What is not helping are low conviction rates. In September 2020, Bheki Cele identified 30 gender-based violence lockdown hotspots, including five of the communities in which Afrika Tikkun operates, such as Alexandra, Mfuleni and Orange Farm. Of the 4,058 people, mainly men, arrested for gender-based violence since the beginning of lockdown, only 130 have been convicted. That equals 3%. This needs to be addressed.

In the meantime, we need to strengthen the law to both protect women and girls and deal with perpetrators more effectively. This will encourage survivors to come forward, tell their stories, press charges and rebuild their lives. We do not need more speeches, promises and lowering the flag. We need action.

Where do we go from here, as members of society? First, we need to come to terms with the fact that gender-based violence doesn’t start with a black eye, or worse. It begins with how some men view women, speak about and to them, treat them, ridicule them, refer to them in casual conversations, exclude them, catcall them, disrespect their boundaries and jeopardise their equal place in society.

What makes the above worse is that society often lets culprits off the hook in the name of culture, tradition, loyalty, shame, guilt and family ties, and because of age-old and flawed “boys will be boys” and “this is a domestic issue, don’t get involved” notions.

We, especially men, must acknowledge these exceptionally uncomfortable truths if we want to save lives. Yes, I am addressing this to my fellow men, particularly those who consider themselves Good Men.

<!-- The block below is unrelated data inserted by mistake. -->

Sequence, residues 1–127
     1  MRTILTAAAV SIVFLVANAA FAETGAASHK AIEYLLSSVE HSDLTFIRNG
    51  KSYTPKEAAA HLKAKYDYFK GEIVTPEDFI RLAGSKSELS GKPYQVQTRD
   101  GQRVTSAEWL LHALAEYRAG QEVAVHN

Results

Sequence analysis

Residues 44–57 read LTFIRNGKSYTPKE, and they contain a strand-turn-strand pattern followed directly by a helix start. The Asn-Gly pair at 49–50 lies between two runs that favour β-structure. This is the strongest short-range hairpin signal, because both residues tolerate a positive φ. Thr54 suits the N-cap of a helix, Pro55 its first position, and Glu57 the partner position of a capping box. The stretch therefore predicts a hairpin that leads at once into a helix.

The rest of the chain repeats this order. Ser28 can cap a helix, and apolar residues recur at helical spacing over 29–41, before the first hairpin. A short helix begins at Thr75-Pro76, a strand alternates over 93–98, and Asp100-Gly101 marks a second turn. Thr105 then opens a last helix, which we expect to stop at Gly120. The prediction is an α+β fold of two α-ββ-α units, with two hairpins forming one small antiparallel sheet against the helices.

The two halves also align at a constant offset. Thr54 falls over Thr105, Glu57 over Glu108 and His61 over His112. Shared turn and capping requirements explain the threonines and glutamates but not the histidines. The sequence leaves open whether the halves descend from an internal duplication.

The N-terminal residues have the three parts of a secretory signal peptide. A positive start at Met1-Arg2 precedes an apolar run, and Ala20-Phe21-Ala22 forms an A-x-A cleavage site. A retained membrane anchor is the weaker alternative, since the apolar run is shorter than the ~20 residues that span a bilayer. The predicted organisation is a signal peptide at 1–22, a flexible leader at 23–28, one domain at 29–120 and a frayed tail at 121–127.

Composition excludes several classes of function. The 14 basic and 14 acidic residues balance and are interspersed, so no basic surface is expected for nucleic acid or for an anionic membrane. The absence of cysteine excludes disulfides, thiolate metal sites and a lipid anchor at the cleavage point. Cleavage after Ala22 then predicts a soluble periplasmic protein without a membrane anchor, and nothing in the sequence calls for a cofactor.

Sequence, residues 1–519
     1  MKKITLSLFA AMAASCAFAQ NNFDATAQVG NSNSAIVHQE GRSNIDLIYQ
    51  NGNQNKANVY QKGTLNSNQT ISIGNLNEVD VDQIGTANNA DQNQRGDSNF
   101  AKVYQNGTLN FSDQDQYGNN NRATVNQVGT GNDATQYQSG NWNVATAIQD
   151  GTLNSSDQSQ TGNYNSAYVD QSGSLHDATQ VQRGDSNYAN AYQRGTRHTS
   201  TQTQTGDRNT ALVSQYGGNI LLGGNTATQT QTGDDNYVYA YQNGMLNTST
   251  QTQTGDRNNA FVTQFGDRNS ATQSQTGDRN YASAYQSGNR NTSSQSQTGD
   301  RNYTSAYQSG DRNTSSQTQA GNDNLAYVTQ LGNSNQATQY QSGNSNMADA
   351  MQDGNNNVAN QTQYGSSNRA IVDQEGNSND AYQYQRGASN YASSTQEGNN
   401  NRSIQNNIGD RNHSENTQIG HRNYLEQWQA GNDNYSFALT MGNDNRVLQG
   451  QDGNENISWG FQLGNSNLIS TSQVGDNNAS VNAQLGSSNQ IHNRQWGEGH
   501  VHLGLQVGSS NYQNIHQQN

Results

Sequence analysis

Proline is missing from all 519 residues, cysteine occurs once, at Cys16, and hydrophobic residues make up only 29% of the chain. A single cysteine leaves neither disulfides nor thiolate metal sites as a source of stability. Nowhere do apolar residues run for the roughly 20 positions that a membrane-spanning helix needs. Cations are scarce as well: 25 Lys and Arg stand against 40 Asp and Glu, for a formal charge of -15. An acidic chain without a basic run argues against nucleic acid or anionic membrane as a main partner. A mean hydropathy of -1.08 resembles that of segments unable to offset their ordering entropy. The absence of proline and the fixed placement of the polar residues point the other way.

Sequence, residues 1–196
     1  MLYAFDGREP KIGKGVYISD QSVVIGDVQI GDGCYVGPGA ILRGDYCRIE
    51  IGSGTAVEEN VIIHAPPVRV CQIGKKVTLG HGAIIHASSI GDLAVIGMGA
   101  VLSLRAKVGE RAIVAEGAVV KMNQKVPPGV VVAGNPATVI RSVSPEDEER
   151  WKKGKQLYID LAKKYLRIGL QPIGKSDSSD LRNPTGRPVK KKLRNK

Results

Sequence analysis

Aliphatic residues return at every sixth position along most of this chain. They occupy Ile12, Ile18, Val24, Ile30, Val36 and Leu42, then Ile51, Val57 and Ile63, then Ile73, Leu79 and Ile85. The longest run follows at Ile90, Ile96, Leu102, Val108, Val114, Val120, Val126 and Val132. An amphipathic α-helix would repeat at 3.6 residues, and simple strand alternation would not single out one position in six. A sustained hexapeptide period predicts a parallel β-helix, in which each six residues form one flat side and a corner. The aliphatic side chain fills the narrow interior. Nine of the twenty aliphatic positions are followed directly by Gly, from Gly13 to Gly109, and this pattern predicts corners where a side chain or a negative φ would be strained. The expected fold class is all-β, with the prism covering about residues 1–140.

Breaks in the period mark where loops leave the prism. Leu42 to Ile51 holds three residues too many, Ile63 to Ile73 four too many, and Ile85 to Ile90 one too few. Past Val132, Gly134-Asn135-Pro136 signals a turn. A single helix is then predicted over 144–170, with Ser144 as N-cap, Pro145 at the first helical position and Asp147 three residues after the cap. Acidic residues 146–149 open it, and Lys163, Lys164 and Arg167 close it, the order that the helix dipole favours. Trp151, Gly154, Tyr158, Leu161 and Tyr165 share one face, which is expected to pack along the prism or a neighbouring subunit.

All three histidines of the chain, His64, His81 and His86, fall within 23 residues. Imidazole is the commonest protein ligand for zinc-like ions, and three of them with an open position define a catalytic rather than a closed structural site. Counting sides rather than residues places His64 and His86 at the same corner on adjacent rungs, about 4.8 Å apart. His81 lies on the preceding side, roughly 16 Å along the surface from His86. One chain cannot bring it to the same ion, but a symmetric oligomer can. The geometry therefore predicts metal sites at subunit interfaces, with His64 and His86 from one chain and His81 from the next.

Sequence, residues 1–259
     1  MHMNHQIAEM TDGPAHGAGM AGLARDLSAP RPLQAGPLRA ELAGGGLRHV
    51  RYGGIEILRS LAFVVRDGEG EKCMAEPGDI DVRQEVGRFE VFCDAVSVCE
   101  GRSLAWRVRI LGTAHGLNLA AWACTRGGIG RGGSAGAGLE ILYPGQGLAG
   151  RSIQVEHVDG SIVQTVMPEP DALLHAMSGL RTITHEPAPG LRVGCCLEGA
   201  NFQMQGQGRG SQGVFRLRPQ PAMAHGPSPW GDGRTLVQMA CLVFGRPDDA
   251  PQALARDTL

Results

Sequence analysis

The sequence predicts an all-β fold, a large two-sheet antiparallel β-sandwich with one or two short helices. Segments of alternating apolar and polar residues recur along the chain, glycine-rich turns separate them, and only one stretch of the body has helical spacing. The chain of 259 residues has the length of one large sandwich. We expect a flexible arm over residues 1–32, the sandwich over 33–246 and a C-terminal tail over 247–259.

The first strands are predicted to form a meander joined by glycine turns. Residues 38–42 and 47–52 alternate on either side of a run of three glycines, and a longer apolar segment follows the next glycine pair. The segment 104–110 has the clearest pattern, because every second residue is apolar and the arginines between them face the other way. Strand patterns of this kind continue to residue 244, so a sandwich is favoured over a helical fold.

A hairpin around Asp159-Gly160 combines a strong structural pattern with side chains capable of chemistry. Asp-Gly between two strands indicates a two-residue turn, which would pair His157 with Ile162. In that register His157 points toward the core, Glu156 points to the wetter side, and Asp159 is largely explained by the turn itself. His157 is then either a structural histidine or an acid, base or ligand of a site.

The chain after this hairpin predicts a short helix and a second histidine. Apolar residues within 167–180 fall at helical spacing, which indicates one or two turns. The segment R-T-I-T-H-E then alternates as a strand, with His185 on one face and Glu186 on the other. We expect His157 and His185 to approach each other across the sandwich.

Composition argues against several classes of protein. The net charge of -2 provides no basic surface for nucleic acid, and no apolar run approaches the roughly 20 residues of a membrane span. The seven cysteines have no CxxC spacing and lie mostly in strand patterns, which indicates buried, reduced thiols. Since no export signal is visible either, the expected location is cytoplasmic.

South African women have tried for decades to protect themselves and make men change their ways. They have pleaded, negotiated, begged, asked, dressed down, protested, toyi-toyied, and shouted from the rooftops. They have bought pepper spray, learned how to shoot guns, are avoiding the streets at night, and are watching their drinks in bars. They have installed panic buttons on their phones and are continually looking over their shoulders to see whether they are safe – from men.

What are we doing to help them, over and above not raising our fists and voices? Just because we have never used violence against a woman, degraded her, and coerced her into sex she didn’t want doesn’t make us Good Men if we have ever made apologies for or turned a blind eye to transgressing friends, relatives, fathers, and colleagues. Your friend or brother may be a nice guy to you, but if he makes sexist jokes, doesn’t keep his hands to himself, and treats his partner or any woman with disrespect, he is not a nice guy.

We can and must do better. It is not survivors who need to speak up. It is us. Not because she could be your sister, mother, or daughter, but because she is a human being. DM

Sipho Mamize is the general manager at the Wings of Life, Afrika Tikkun Diepsloot Centre. He has a BA from the University of Limpopo, a post-graduate diploma in public health and an MBA through Regenesys Business School. He serves in an advisory role at the South African Council of Social Services Professionals, an industry body regulating social workers and related professionals in the psychosocial support space.